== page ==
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Old 29th October 2016, 07:40 PM   #5
ariel
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Join Date: Dec 2004
Location: Ann Arbor, MI
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I promised to let the Forumites know what I thought about the book and gave myself a weekend. Well, I overestimated myself.....

The more I read it, the more I understand how complex it is. I thought ( naively, as I found after an hour of reading) that I knew enough about the topic just to brush on my enjoyment of Indian arms. But in fact I got stumped at the very beginning.

Jens knows so much that the book is far too short to explain every nuance he takes as a given.

This is not a book for a novice. There are so many hints, insights and hidden nuggets of knowledge that a thorough understanding of the material requires years of immersion into the topic, in addition to careful reading, re-assessment of other items, consulting other sources and just sober acceptance of the fact that the author knows infinitely more than the reader like myself can imagine. How does he attribute and date the weapons? How does he know the meaning of decorations? How does he differentiate between Rajput and Mughal tulwars, not even talking about Deccani ones? The short descriptions give just hints, but I have to study a lot to figure it out....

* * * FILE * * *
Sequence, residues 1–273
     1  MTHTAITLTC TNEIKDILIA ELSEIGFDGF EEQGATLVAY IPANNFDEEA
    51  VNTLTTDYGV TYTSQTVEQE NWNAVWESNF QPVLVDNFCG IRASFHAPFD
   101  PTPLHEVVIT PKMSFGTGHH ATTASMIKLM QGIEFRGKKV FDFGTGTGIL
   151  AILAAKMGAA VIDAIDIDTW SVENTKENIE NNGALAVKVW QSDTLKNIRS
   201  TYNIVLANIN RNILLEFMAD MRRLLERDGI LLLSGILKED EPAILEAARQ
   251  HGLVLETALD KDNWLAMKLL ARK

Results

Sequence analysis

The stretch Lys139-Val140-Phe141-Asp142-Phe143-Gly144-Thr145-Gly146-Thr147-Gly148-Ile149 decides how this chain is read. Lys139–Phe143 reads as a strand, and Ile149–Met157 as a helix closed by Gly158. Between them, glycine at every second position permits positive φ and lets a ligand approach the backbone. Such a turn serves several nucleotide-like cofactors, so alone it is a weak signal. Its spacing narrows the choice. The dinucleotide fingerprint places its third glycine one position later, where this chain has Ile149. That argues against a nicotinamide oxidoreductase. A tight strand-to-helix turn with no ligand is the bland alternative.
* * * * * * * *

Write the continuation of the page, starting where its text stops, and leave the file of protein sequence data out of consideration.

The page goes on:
This is not a book to be casually read and enjoyed for the pictures. It ain't no coffee table album. This book needs to be studied, and studied hard.

It is not a good book. It is a great book: it forces you to learn more.
My hat is off to Jens.
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